Boat Safety / August 21, 2023

Preventing the top 5 boating accidents

Summer is still in full swing for another month, and it’s the perfect time to enjoy Canada’s beautiful waters. With one more long weekend in the forecast, it is important before you set sail to talk about boating safety. Did you know that many boating incidents and fatalities are preventable? We’re here to share crucial information to keep you and your favourite mates safe on the water.

Top causes of boating accidents: Many boating-related incidents and fatalities occur due to these key factors:

  1. Not wearing a life jacket or PFD (Personal Flotation Device)
  2. Falling overboard
  3. Operating a pleasure craft under the influence of alcohol or drugs
  4. Capsizing, swamping, sinking, or running aground
  5. Being involved in a collision

boating in stormsDisturbing statistics related to drowning deaths while boating

Every year, 450 people drown in Canada, with 150 of these tragic deaths occurring in Ontario alone. On average, there are approximately 166 boating-related drownings annually across the country. The good news is that many of these deaths can be prevented.

Non-fatal drownings

For every drowning death, there are five “non-fatal” drowningsā€”incidents that result in hospital visits. A fifth of these cases are severe enough to require extended hospital stays and could lead to lifelong injuries like brain damage. Let’s avoid these tragedies through awareness and responsible boating.

The simple solution: Teach more people to swim.

Learning to swim is a fundamental skill that can save lives. Teaching school-age kids to “swim to survive” is essential. The marine environment can be unforgiving, and about 40% of drowning deaths involving immersion in Canada are linked to boating accidents. Boating remains the leading cause of fatalities from immersion and water-related injuries.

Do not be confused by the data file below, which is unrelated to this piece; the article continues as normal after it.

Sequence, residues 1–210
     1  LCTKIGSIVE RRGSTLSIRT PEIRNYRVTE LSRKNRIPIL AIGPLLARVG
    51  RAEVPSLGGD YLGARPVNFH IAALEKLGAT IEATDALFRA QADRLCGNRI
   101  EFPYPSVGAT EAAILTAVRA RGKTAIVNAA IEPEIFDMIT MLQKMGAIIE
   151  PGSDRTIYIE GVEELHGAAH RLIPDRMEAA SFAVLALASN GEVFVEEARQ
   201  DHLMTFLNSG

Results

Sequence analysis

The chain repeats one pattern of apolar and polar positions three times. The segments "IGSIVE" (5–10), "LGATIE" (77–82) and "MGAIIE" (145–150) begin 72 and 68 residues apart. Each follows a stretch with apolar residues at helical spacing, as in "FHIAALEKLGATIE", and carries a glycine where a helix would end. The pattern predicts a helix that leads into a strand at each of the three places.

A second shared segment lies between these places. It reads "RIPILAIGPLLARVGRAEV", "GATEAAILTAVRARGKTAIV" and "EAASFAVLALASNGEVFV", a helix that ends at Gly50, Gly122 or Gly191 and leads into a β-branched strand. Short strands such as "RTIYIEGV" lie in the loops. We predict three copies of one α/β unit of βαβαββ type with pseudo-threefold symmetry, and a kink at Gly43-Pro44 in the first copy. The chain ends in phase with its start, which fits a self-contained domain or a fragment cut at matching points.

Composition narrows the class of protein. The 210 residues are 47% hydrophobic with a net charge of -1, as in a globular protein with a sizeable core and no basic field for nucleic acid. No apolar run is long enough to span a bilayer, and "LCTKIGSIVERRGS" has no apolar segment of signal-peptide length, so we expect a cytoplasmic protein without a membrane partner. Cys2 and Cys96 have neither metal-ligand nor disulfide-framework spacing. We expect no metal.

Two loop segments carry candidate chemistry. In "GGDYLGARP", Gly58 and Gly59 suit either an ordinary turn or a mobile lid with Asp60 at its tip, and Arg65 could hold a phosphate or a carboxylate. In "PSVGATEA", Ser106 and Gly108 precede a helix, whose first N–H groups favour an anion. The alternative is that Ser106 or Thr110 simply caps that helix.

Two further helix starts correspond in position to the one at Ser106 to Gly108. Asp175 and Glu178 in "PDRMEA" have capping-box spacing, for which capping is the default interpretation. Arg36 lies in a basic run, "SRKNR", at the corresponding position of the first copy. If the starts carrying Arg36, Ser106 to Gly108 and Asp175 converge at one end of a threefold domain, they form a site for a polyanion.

The power of life jackets

Wearing a life jacket or PFD is a game-changer. According to the Red Cross, a staggering 90% of boating-related incidents could have been prevented if individuals had worn life jackets. It’s not just a safety accessory; it’s a life-saving necessity.

Alcohol and boating don’t mix.

Alcohol plays a major role in over 50% of boat fatalities. Sean Duffy, Ottawa area chair of the Lifesaving Society and a member of the Ottawa Drowning Prevention Coalition has some wise words: “Water on the water and beer on the pier save lives.” Keep the drinks on the shore and stay sober while operating a boat.

Weather and boating

Weather to boat appIt is one thing to check the temperature, but more important is to check the forecast and the wind. Storms can occur within a short period of time, even on hot sunny days. Make sure you have a plan if you think unpleasant weather is in the forecast and stay off the water when there are wind warnings. A tip is to utilize tide and wind apps. One good app is Weather to Boat. In addition to weather information, you can create and file your trip plan, verify if you have the required safety equipment, refresh your understanding of the rules of the road and use the pre-departure checklists to ensure you have everything you need. Another good app is

Life jackets: Wear them right.

Shockingly, 90% of boat drownings involve events where there are enough life jackets on board but they aren’t worn. In emergencies, putting on a life jacket in the water is challenging. Wear it before you set off, especially in rough, cold, or windy waters.

By following these guidelines, you can significantly reduce the risk of boating accidents and help create safer waters for everyone. Enjoy the beauty of Canada’s lakes and rivers while keeping safety at the forefront. Together, we can save lives and make this a summer to remember for all the right reasons. Stay safe, stay informed, and happy boating! šŸš¤šŸŒŠ #BoatingSafetyMatters #BoatingSafetySavesLives!

References for: Preventing the top 5 boating accidents

Safe Harbour Insurance: Safe boating awareness

Safe Harbour Insurance: Cold water safety and fall boating tips

Red Cross: Boating, Immersion and Trauma Deaths in Canada

Ottawa Citizen: Drowning prevention week, more drownings occur in open water

Red Cross: Water Safety Boating Infographic

Global News: Body of paramedic recovered in Northern Ontario


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